To focus on the particular point in this subject, having known Spain and its culture, I found that in most cases, the woman in family life is very strong. I would call it a matriarchal society. This seems to permeate the psyche of the population and I have noted evidence of this.

Waldo Frank, a writer of the 1920’s,  an American, but highly versed in Hispanic Culture wrote about the Spanish speaking world. In his book, “Virgin Spain” (1926) his chapters on the Andalusian Dance and its practitioners, he brings out some facets of this idea.

His writing approach is poetic and symphonic. In descriptions of the performers. I think he saw the essence of the work which we refer to as flamenco. Without writing about the structure or form, his summation of a woman dancing gives a portrait of the true nature of this genre.

Because flamenco is not notated, the score is written as the dance proceeds. The performer is the conductor and guitarists and singers must obey the percussive lead of the dancer. I have put down these comments again and again. The form is poorly understood and rather esoteric and arcane. The responsibility lies on the dancer and to have this knowledge is imperative.

Frank writes “The woman dancing in flamenco is “mother, teacher and priestess.” This is in a symbolic sense. As metaphor, it is not to taken literately.  The signals given in the dance are built in and function to move the dance patterns smoothly one into the other. The llamada, (call) closes the door on the passage just completed and in the same action opens the door to the next.

 Robert Graves, writes in his book ,” The White Goddess”, In Mythology, the two headed god Janus signified a new beginning looking both backward and forward. January is named after him.  But before Janus thousands of years before , a two headed goddess named PostVorta and Antevorta, was a symbol of this concept. She who looked both backward and forward : She had the power to shut what was open and open what was shut, as the hinge which connects the door: the door on which the year swung”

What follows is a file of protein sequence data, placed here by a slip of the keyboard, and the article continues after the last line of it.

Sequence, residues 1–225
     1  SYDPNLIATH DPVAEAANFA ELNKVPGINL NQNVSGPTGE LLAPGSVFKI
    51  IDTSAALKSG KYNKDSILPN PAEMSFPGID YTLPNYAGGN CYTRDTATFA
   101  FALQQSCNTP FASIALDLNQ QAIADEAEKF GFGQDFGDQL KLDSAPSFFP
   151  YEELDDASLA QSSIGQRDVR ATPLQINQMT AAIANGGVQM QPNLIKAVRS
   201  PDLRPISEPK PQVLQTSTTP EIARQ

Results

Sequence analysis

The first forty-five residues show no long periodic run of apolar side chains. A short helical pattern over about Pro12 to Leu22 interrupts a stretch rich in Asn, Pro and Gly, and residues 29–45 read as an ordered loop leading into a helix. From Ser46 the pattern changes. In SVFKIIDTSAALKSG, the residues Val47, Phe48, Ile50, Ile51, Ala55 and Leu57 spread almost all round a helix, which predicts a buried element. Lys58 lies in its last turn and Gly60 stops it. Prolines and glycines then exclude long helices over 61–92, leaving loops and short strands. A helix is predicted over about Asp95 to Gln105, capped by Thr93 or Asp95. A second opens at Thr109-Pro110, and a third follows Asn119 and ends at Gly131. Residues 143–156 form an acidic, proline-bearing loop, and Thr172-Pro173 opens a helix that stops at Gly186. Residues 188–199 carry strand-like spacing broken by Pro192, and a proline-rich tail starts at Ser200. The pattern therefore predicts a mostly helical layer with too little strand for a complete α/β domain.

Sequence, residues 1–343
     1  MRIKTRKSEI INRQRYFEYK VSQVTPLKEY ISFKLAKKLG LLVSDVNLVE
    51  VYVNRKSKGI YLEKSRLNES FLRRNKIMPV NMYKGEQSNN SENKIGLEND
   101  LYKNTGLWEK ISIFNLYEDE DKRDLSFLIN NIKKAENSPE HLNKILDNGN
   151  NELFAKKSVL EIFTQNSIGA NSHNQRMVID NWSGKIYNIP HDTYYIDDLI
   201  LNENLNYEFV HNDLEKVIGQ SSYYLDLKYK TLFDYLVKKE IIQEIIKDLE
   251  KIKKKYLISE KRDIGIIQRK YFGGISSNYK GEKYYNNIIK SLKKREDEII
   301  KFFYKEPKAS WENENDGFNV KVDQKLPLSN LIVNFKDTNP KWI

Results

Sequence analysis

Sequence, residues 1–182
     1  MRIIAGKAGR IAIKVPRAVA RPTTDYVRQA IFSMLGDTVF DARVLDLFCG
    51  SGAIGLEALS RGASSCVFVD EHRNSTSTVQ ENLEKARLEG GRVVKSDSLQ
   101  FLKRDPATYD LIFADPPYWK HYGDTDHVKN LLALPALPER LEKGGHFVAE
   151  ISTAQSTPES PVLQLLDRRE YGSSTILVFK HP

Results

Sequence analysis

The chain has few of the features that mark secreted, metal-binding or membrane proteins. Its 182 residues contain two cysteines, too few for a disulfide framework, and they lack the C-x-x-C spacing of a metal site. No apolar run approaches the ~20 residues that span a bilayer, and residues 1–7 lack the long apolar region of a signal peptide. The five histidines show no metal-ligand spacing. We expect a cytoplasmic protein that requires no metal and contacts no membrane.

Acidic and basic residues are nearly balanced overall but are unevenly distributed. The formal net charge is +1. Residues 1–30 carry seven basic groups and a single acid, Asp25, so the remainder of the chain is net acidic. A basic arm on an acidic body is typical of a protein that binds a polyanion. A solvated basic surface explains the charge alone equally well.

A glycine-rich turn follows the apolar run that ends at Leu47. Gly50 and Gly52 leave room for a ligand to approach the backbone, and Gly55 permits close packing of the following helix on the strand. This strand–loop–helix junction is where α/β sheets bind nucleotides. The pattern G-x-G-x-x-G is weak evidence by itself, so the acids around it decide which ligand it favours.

This obviously relates to the Seasonal Pattern on Earth. In prehistoric times the dependence on sustenance from Mother Earth was paramount. Ritual dominated society.

Flamenco is a throwback to the endless chain of the rhythm on our planet. It is Universal.

In an uncanny way the Andalusian dance reflects this because of its very nature. It is a continuum.

This acknowledges that the male dancer also must follow the rules and law of the rhythm ( compás) but the male role seems meant to be a lesser figure within this art. This is not to diminish in any way the dynamics and tremendous artistry displayed by many marvelous male artists.

My message here is leading up to the point that I am a feminist.

I have always been pleased that so many women are holding prominent positions in government all over the world. It is only a hundred years since women were granted the right to vote in the United States and have a voice.